There is, in fact, a large quality of oak mouldings to be added to the entrance hall including door surrounds and arch surrounds not just skirting board. You can see the new footing for an archway moulding in the image below. The arch vaults over the stairs which lead to the great hall. With the layout of this arch moulding, there was more guesswork than with the skirtings as this part of the castle had been open to the sky and nothing had survived. In fact, even the presence of this moulding was guesswork. Actually, I should probably use the term "working out" rather than guesswork, as there must have been a moulding here and it would undoubtedly have been the same moulding that went round the doors, some of which has survived.

new skirting and new arch footer block in entrance hall

So there was a little bit of "give and take" between Gregor and myself as we figured out how the mouldings would have originally sat and joined up. In most cases, it was clear but in cases where there was doubt - one had to rely on personal aesthetics as to what looked best. There was a little difference between Gregor and myself here, but we got to a working solution. It is impossible that we could have reconstructed the woodwork exactly as it was, but I suspect we are very, very close. This is one reason, I have wanted to find interior photographs of the castle. Thankfully, very little of the castle was totally open to the elements, and fragments of mouldings have survived elsewhere all over the place.

I will write more blog entries as the rest of the new mouldings get installed.

Friday, 3 April 2020

Fifty Shades of Green

As described in a previous blog entry,  painting the Entrance Hall at Balintore Castle has proven unexpectedly problematic. Here is an update on the saga.

From the remaining evidence, the original wall colour was a very slightly yellow cream. I suspect this was to all intents and purposes the Victorian version of white - whether it had discoloured over the lifetime of the castle is uncertain. Where there has been a particular colour choice in the castle, I have tried to put this back as it was. However, where there was just a neutral colour or evidence of wallpaper, I have taken this as a cue to seek inspiration for a new colour choice.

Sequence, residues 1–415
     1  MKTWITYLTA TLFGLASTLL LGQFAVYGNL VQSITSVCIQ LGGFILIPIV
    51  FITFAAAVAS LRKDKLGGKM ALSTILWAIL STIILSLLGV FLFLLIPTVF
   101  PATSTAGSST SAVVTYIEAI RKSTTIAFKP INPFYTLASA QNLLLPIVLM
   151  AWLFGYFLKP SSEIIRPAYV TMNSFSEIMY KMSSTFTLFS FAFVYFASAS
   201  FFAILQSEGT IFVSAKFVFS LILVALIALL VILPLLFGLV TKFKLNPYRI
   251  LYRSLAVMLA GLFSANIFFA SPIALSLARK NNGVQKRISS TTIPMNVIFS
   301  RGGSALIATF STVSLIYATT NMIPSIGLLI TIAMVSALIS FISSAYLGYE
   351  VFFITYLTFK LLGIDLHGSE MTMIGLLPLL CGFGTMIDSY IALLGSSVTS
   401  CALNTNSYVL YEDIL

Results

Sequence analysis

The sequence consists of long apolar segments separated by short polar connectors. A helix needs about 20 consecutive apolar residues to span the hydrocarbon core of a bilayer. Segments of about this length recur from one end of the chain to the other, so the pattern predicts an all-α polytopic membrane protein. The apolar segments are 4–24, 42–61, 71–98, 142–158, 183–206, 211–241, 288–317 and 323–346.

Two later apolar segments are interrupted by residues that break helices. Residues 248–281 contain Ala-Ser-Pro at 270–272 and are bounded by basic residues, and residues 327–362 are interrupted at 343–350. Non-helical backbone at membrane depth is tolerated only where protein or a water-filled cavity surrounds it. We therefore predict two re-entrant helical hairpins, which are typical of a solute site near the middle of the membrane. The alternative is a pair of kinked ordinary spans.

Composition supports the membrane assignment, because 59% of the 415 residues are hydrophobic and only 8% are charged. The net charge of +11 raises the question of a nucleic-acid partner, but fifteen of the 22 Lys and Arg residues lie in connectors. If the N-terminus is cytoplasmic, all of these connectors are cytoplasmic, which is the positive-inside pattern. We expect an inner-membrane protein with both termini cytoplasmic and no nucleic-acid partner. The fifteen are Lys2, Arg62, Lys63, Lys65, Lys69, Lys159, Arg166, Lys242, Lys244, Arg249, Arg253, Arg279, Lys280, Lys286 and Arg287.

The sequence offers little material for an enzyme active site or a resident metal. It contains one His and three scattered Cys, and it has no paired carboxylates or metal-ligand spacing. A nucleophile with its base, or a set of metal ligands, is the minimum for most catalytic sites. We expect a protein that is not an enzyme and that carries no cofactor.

For the Entrance Hall, a large tin of British Racing Green was duly bought. Despite 5 coats, the paint never once painted true. It somehow defied the lays of physics, and from the one well-mixed tin of paint, various shades of green appeared. The resulting patchy appearance was unacceptable. Gregor was definitely unconvinced by the racing green and I speculated on the possibility of sabotage. :-)

patchy "British Racing Green" paint

Anyhow, the racing green was darker than I had wanted or expected and it had quite a high proportion of black in it. So while I had got to like the effect, when a replacement green was chosen from a different paint company, I went for something lighter and of a more intense green shade. Everyone I showed the colour charts to picked out an "Emerald", as I had myself.  :-) With the builders and my friends on board, the order for two 5 litre tins was placed.

When Greg opened the first tin, a shocking pastel green was revealed, almost a pea green. See the top tin in the photo. When the second tin was opened, a much darker green was revealed. See the bottom tin in the photo. The dark green was lovely and was precisely what I wanted, so I presumed this was the emerald, and I contacted the paint company to send me a replacement tin for the pastel error. The company seemed to be in denial that the colours could be different saying that their mixes were checked against colour charts and I had to photograph labels for them, which revealed the same mixing codes.  Finally, they sent a replacement tin. However, this time the green was a new one matching neither of the previous tins. :-( See the middle tin in the photo. Despair was setting in. The green was between the other two in tint, nearer the darker one, but still distinctly different.

three tins of the same (?!?!?!) "Emerald" paint

I requested yet another replacement tin but the company were reluctant stressing that they could not have made a mistake, yet admitting that the colours in my photograph were very different. Eh? They wanted to collect the tins of paint I had already been sent instead. At this stage I was made to feel like a criminal i.e. cadging extra cans of paint from them. I communicated that my previous purchases from them had perfect colour matching, is an attempt to reinstate my bona fide customer credentials, However, once I agreed to the tin pick-up, the company said they could not pick them up as they were not in their original packaging. Eh? I tried explaining that the packaging was just black plastic shrink wrap, and there was no way this could be recycled but I could wrap in an equivalent manner myself and duck-tape the top. No response on this, but finally they agreed to send a second replacement tin.

Anyhow, the second replacement tin did match the first replacement tin - phew! Presumably by the laws of probability this has to be the true Emerald. The first two tins must have been a momentary hiatus in the mixing shop. The Emerald painted true thankfully. There is still some cutting-in to do with the Emerald as well as some patching-up work, so I cannot say whether the war has been won yet, just the previous battle.

The Emerald shenanigans consumed many evenings of email work and delayed the re-painting of the Entrance Hall by a month.  However, I like the colour very much indeed and cannot wait for the new oak mouldings and skirtings to be installed in the room, as it is the contrast of the rich green and the dark oak that gives the real Baronial pleasure. Colour perception is a very odd thing, as we painted over the British Racing Green with the more vivid Emerald, the racing green turned brown!

correct "Emerald" paint in situ